Fencing builds interest and works with discrepancies in skill

Since its December 2012 introduction at the high school, fencing has become relatively well-known at PHS, with over 50 active members. However, there is a discrepancy in skill, as some players have played the sport since childhood, while others have just been introduced to the game. This year, current Assistant Coach Sam Blanchard wants to balance talent among the players and focus on their individual growth.

During practice, Blanchard focuses on drilling basic bladework and footwork with players, creating different assignments for the veterans and the beginners.  “I will sometimes assign one of the more advanced fencers to work with [the less advanced fencers] in the drills while I go assign [other] drills to the [other] more advanced fencers,” he said.

As the new fencers practice the fundamental skills, more experienced players also get a chance to develop their techniques through poule sessions—round-robin tournaments that allow players to compete against one another. “[I think] the poule bouts will help them grow in terms of competition experience,” Blanchard said. “[They can get and give] feedback from other team members.”

During poule sessions, players work on a variety of skills that help them discover their weaknesses and improve in these areas before the match. Hannah Semmelhack ’16—a returning foilist—said, “We work on footwork, point control, attack, [and] defense, and we divide up into different blades … to mix it up. We tally up the wins, and we evaluate.”

Beginners also partake in the poule rounds after they accumulate a certain amount of necessary technique. “Regular drills are part of the standard fencing curriculum. Once [they] learn the basic bladework, [they can start] to put those in context and structure drills with other players [and] see a little bit of what the other strip has to introduce,” Blanchard said. He thinks that focusing on a small number of variables each time will quicken the players’ advancements.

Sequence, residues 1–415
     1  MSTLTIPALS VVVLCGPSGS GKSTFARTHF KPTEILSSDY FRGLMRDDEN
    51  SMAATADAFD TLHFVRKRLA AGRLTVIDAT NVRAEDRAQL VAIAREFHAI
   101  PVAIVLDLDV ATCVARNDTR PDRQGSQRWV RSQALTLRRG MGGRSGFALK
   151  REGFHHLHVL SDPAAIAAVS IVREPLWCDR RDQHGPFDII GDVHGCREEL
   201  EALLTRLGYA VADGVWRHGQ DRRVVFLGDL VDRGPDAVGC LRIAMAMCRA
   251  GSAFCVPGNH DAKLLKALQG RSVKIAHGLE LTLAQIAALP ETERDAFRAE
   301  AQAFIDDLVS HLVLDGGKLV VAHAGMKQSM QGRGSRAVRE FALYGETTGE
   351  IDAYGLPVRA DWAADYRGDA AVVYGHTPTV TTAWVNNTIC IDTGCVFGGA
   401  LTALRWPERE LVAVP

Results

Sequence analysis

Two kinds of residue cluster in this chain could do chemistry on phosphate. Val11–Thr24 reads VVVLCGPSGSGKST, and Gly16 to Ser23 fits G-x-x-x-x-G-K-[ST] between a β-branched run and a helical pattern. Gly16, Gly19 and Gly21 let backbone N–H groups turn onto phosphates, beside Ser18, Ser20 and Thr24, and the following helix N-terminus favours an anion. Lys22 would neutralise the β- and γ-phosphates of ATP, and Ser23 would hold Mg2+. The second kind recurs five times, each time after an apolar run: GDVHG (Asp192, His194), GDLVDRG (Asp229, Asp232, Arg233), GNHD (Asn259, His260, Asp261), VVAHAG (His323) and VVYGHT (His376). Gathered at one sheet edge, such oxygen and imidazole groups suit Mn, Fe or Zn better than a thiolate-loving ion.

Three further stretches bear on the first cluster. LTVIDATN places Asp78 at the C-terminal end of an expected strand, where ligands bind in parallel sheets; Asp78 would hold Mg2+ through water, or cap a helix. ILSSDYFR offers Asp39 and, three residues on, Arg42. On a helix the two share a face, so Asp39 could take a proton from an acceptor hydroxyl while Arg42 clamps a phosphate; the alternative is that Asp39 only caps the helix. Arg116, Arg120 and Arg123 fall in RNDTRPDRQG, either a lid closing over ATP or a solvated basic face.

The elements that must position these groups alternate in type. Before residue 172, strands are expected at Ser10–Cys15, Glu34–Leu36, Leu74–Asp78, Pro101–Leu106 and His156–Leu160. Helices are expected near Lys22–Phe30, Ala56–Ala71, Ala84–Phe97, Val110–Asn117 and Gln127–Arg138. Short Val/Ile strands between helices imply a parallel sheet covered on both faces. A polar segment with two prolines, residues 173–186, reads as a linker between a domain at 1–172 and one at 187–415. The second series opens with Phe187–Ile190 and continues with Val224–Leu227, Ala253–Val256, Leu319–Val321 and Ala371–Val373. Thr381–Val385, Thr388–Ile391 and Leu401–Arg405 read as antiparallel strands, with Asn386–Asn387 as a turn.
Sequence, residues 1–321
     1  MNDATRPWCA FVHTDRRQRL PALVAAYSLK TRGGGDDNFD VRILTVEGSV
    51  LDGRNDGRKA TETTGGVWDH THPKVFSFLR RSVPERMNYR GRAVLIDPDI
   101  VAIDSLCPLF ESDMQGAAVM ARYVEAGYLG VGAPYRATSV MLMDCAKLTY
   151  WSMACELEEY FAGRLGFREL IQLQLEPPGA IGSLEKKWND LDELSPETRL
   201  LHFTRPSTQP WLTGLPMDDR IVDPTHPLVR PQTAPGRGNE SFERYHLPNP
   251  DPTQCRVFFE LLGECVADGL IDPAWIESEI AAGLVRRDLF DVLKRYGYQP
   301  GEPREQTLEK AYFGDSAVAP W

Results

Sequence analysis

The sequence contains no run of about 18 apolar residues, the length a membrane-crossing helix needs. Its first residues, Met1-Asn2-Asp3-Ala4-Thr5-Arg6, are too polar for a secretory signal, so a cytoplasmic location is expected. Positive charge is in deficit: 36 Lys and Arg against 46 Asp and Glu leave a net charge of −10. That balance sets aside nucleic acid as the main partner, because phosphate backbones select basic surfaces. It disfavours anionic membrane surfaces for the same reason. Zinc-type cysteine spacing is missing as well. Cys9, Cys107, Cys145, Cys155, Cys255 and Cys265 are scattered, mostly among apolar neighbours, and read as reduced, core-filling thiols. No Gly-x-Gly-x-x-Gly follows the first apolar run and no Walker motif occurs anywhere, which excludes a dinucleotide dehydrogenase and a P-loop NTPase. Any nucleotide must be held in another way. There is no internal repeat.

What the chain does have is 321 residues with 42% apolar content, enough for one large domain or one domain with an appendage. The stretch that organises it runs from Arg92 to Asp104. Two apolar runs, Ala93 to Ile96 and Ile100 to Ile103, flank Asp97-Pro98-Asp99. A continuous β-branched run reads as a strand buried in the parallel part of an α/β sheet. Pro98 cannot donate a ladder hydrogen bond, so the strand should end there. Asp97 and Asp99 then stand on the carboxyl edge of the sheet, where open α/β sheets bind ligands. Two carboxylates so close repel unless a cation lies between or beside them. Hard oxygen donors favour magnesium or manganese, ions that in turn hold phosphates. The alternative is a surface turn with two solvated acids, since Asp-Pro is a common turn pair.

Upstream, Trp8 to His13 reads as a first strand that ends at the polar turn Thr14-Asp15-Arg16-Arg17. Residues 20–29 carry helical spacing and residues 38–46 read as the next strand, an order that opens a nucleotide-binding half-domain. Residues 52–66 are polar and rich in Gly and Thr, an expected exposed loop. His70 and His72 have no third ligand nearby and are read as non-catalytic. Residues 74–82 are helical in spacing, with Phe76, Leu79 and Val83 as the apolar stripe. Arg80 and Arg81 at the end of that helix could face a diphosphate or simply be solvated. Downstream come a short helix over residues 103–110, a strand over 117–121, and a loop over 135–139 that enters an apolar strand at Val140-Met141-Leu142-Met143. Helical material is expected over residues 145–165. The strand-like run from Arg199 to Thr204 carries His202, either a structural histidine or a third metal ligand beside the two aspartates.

This season, Blanchard aims to build a stronger team and to expand current facilities and equipment. “We want all the fencers to grow, and we want to start growing some of the weapons. We had a lot of our top fencers graduate last year, [so] we are in the rebuilding period to see who we got and what we got in terms of talent and experience,” he said.

Additionally, he looks forward to getting invited to freshman and sophomore tournaments that will give beginning fencers opportunities to get on the strip.

photo: Nathan Drezner

Left, Lachlan McCarty ’18, and right, Hermanus Krieke-Martin ’17 work on their saber technique during practice on December 11. photo: Nathan Drezner

Captain of the girls foil squad Architha Sudhakar ’15  wants to see an improved record this year in district and state tournaments. “We want a stronger and better team. This year we are becoming more cohesive as a group. As a third-year team, we are aiming to win more meets and get more points,” she said.

Team Captain Philip Trevisan ’15 wants to attract more interest. “I think [fencing] is a very easy sport to get into. We are just trying to increase the awareness in the school and recruit more members, ” he said.

Trevisan also wants to change the way he manages team practices in order to improve team organization. “I try to have each of my squad captains organize and get them to run the mini-tournaments within each of their events,” Trevisan said. “As the year goes on, I’m going to have more practices organized around specific activities.”

He hopes these adjustments will yield more victories.

To achieve the goal of raising awareness about fencing, Blanchard has initiated summer programs that offer players chances to pursue the sport outside of regular season. He also looks out to local clubs and junior high schools for upcoming talent. Blanchard said, “We are [always trying] to build a lot more interest in fencing.”

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